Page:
UCMC said the hospital was required to offer replacement nurses five days of work “to best recruit qualified and experienced replacement nurses.” Therefore, the nurses on strike will not be able to return to work until 7 a.m. Dec. 1.

Negotiations between UCMC and National Nurses Organizing Committee/National Nurses United began earlier this year. Medical center leaders say incentive pay — and whether the hospital should end the pay for newly hired nurses — is a sticking point in negotiations, according to the Chicago Tribune. The union has continued to express concerns about staffing levels.

The nurses said they plan to strike unless an agreement is reached.

 

 

 

 

Healthcare Executives See a Mixed Outlook

https://www.jpmorgan.com/commercial-banking/insights/healthcare-mixed-outlook

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In a recent survey of healthcare leaders, most were confident about their own organizations going into the new year. But respondents expressed concern about a range of evolving industry-wide challenges, including costs, technology and talent.

A majority of US healthcare executives surveyed by J.P. Morgan said they were optimistic about the financial performance of their own organizations going into 2019, as well as the national and local economies. But most were less positive about the outlook for the industry as a whole, with 28 percent expressing pessimism and another 31 percent merely neutral.

National economy 71% optimistic, 20% neutral, 9% pessimistic
Healthcare Industry's performance 41% optimistic, 31% neutral, 28% pessimistic
Your organization's performance 62% optimistic, 13% neutral, 25% pessimistic
Legend - Optimistic, Blue
Legend: Neutral Gray
Legend: Pessimistic, Green

Respondents to the survey, conducted Oct. 16 to Nov. 2 of 2018, said their biggest concerns were revenue growth, rising expenses and labor costs. The executives said their organizations plan to invest the most in information technology and physician recruitment.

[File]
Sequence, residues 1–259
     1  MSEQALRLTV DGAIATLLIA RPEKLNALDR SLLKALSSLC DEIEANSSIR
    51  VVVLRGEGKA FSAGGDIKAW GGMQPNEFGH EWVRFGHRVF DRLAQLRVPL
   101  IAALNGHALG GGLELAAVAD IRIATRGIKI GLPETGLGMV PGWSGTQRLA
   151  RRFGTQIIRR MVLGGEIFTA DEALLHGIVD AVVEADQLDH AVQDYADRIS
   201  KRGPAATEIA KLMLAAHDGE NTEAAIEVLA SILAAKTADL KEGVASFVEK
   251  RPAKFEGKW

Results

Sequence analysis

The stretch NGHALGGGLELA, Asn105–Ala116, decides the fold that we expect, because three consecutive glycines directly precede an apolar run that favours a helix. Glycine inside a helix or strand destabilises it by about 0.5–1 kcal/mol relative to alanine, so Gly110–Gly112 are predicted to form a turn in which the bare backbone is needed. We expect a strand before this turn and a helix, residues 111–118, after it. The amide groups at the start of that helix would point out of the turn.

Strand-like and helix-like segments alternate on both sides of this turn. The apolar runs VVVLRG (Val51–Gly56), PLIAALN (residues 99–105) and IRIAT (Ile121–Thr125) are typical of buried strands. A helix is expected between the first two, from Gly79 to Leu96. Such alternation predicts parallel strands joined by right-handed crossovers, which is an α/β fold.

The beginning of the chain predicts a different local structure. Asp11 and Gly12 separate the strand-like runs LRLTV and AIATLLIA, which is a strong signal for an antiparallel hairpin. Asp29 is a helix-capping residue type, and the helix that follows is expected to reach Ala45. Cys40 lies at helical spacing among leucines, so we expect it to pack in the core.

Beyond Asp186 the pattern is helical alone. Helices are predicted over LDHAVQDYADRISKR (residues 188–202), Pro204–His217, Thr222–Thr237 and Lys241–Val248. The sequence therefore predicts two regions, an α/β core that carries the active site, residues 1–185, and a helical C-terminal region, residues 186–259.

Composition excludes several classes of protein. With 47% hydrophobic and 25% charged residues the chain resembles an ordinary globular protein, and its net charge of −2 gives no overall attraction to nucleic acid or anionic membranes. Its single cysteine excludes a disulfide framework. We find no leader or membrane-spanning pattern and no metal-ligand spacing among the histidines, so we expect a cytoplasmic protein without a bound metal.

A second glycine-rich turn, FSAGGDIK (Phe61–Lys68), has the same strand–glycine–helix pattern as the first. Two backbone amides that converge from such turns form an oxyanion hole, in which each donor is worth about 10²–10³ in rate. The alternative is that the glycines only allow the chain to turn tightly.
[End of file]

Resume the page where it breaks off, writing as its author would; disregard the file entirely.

Healthcare Changes Shape Perceptions

The pessimism about the industry likely stems, in part, from regulatory uncertainty and an ongoing shift from a fee-for-service model toward a value-based payment system, said Will Williams, Senior Healthcare Industry Executive within J.P. Morgan’s Commercial Banking Healthcare group. “Healthcare is going through the most transition of any industry in the country right now,” he said. Amid this upheaval, healthcare organizations face a combination of challenges, including lower reimbursement rates for Medicaid and Medicare patients, increased competition, and higher costs for labor, pharmaceuticals and technology investments.

The optimism that executives feel about their own hospital or healthcare group may come from a sense that an individual organization can adapt to industry changes, said Jenny Edwards, Commercial Banker in the healthcare practice at J.P. Morgan. “You can control certain factors, and make adjustments to compensate for the headwinds.”

Biggest Challenges for the New Year

Growth Strategies

For 61 percent of respondents, the focus is on attracting new patients, followed by expanding target markets or lines of business (53 percent), and expanding or diversifying product and service offerings (44 percent). Hospitals, for example, have worked to add more patients to their broader healthcare system by opening clinics for urgent care or physical therapy, Edwards said.